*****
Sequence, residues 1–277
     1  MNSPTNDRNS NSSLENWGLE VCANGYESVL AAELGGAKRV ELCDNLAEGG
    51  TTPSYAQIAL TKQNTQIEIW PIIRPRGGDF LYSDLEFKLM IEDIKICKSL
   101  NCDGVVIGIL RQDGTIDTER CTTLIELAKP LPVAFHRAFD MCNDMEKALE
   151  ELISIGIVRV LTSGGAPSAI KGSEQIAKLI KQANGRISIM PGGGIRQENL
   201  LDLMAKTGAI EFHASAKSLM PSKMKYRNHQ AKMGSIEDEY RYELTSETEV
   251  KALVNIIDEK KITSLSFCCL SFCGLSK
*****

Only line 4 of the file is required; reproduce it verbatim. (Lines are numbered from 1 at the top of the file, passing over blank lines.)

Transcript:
   101  NCDGVVIGIL RQDGTIDTER CTTLIELAKP LPVAFHRAFD MCNDMEKALE